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BC Election 2020

Wild Salmon Defender Alexandra Morton Is Running for BC Greens

The political newcomer will try to take the North Island riding away from the NDP.

Andrew MacLeod 30 Sep 2020 | TheTyee.ca

Andrew MacLeod is The Tyee's Legislative Bureau Chief in Victoria and the author of All Together Healthy (Douglas & McIntyre, 2018). Find him on Twitter or reach him at

The BC Green Party has a potential star candidate as biologist and wild salmon advocate Alexandra Morton seeks the party’s nomination for North Island.

“I know it’s a long shot to vote for me, but I’m a hard worker and a quick learner,” Morton said in a phone interview. “I’ve fought hard for decades on salmon, so I do understand what it takes to try and make change.”

The constituency includes the northern end of Vancouver Island from Campbell River to Port Hardy, as well as several smaller islands and a sparsely populated wedge of the mainland.

It’s been represented since 2005 by the NDP’s Claire Trevena, who was transportation minister ahead of the election. She won nearly 48 per cent of the vote in 2017, but is not seeking re-election.

The NDP candidate is Michele Babchuk, a Campbell River city councillor and chair of the Strathcona Regional District who was unopposed in her bid to win the party’s nomination.

The BC Liberal candidate is Norm Facey whose background includes jobs in forestry and manufacturing.

Morton moved to Malcolm Island, a short ferry ride from Port McNeill, in 1984 to study whales and soon became a strong voice for protecting wild salmon. As she put it on her website, “The salmon populations crashed and then my beloved community began to fade away. Today there are only eight people left in the village and 27 Norwegian-owned salmon feedlots dot the area.”

While using her research and communication skills have been effective to a point, she said she feels more is needed.

“Our fish are dying of politics right now,” she said. “I need to go to the next level, and that’s what this is.”

Whether talking about salmon, forestry or other issues, people need solutions that allow both communities and the natural world to thrive so that there’s something left for future generations, Morton said.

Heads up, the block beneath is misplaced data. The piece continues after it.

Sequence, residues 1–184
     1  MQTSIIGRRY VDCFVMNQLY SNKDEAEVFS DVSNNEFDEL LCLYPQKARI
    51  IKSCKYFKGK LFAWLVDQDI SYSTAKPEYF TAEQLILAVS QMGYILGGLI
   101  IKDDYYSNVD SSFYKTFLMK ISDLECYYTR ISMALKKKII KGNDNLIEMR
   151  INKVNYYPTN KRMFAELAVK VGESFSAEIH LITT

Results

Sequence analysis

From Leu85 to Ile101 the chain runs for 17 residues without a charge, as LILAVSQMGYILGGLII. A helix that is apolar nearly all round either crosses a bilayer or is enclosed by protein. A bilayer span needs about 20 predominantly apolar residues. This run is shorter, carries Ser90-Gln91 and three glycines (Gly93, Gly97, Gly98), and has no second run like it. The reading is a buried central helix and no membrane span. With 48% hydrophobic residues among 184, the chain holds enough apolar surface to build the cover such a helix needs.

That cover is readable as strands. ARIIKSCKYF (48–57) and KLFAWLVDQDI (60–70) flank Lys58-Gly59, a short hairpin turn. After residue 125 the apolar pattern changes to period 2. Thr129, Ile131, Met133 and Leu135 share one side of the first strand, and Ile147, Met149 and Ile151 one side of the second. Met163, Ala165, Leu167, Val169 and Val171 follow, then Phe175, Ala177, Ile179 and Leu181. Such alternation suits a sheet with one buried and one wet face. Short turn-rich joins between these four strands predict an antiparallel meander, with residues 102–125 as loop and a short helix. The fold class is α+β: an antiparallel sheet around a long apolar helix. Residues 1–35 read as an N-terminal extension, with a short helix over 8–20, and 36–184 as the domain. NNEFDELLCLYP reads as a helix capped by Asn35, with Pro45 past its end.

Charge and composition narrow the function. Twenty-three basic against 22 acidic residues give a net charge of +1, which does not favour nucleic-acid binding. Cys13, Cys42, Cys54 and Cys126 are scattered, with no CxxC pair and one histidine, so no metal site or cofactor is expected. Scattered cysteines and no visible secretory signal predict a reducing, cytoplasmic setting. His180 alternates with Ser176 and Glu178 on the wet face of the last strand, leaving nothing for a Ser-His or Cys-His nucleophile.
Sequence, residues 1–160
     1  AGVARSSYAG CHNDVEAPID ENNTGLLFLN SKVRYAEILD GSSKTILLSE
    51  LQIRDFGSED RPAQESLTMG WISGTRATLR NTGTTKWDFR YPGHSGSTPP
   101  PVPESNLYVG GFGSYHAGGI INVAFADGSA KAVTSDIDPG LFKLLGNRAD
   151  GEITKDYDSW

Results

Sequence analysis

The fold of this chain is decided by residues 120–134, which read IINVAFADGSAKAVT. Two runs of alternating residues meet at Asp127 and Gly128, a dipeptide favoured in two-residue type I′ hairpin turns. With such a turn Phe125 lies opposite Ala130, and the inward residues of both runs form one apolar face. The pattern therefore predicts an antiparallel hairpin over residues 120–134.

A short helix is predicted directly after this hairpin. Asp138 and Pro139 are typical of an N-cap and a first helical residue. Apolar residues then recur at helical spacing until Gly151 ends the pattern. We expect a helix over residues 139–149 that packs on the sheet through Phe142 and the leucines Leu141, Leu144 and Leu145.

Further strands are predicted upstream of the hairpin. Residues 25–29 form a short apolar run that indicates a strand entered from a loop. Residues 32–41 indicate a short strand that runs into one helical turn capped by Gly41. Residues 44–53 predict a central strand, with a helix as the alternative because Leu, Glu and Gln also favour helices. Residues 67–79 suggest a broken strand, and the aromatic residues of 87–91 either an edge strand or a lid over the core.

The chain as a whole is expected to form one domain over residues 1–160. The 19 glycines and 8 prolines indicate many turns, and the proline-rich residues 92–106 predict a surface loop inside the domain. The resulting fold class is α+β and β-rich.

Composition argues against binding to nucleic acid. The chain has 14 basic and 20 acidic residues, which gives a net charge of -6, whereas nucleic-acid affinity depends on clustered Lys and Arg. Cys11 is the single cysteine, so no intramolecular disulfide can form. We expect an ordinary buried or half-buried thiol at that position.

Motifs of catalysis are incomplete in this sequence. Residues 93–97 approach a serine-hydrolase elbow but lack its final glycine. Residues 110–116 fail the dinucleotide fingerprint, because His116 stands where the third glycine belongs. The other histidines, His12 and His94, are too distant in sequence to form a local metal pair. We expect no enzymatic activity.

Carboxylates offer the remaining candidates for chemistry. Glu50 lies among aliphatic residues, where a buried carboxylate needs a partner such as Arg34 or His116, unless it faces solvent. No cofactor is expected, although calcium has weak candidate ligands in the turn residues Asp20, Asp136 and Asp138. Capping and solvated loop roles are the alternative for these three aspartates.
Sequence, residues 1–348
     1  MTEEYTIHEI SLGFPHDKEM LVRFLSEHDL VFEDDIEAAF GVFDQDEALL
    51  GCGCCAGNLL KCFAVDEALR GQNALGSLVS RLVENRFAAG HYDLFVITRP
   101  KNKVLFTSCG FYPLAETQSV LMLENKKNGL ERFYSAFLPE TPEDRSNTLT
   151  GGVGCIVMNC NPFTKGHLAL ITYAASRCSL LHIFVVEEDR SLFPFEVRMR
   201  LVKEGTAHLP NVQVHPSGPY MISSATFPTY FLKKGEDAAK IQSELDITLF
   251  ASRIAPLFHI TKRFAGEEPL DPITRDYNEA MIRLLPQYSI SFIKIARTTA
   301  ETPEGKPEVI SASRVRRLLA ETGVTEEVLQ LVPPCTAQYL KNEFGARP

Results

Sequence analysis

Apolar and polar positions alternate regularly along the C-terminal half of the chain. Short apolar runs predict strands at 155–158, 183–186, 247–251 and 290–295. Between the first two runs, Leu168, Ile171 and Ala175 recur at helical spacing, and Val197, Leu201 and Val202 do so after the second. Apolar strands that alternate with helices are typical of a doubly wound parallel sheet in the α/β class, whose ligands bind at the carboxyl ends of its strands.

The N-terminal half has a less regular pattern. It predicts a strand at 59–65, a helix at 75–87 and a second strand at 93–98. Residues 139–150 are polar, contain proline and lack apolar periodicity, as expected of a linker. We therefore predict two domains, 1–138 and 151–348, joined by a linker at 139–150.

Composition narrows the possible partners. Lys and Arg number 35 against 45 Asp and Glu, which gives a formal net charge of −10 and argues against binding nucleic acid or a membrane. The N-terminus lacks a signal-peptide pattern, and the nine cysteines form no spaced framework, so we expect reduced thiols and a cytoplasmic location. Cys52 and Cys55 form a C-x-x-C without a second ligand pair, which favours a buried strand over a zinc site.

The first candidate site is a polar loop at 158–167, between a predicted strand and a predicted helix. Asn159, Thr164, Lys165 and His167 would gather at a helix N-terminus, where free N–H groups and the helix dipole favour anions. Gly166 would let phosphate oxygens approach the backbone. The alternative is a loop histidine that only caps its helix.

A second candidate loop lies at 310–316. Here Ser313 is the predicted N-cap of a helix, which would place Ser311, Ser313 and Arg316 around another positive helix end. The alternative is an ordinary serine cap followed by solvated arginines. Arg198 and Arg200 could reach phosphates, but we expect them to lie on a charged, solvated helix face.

It’s about protecting places that make clean air, water and food by learning to live within and in harmony with natural systems, she said. “You can’t say to people, ‘stop doing everything.’ That isn’t going to work.”

She said that while the NDP has done some good things in government — including following First Nations’ lead on fish farming in the Broughton Archipelago and handling the COVID-19 pandemic — the best election outcome would be a minority government “with a Green rudder on it.”

There was some awkwardness around the nomination process, though Morton’s candidacy should be confirmed before Thursday’s deadline.

Sue Moen, who ran as a Green in 2017 and won nearly 15 per cent of the vote, hoped to run again and was in the process of applying to the party and submitting her forms to Elections BC when she learned from the party that Morton was interested and that the party wanted Morton to be the candidate.

“Neither of us was aware that the other was applying,” Moen said.

Due to the snap election there wasn’t time to have a contested nomination, so Moen stood down. “Yes, I was disappointed, because I love campaigning, but at the same time I admire and respect Alexandra and think she’ll be a wonderful candidate and I will work with her to get her elected,” she said.

“I think she’s brilliant. She has certainly showed her tenacity and her courage and her steadfastness in pushing the science and responsible decision-making.”

Dallas Smith, who ran as a BC Liberal in 2017 but is largely uninvolved this time, said Morton’s candidacy will change the dynamics in the race.

“I think Alexandra will definitely take away from the NDP in this one,” Smith said.

In 2017 he heard on lots of doorsteps from people who said they normally voted Liberal but had decided to support the Greens.

“This time that will be, I think, flipped,” he said, meaning that Morton will likely attract more votes from past NDP supporters than from Liberals.

“I think she’ll find the people who like her like her a lot,” Smith said, adding he expects Morton will have strong support in communities opposed to fish farming but may have trouble widening her support.

The NDP took 48 per cent of the vote in 2017, the BC Liberals 36 per cent and the Greens 15 per cent. The BC Conservatives’ candidate, John Twigg, took two per cent of the vote as a BC First candidate.

BC Green Party Leader Sonia Furstenau has acknowledged that the party has had trouble finding candidates on short notice and is unlikely to have a full slate of 87 people running, but said there will be candidates across the province.  [Tyee]

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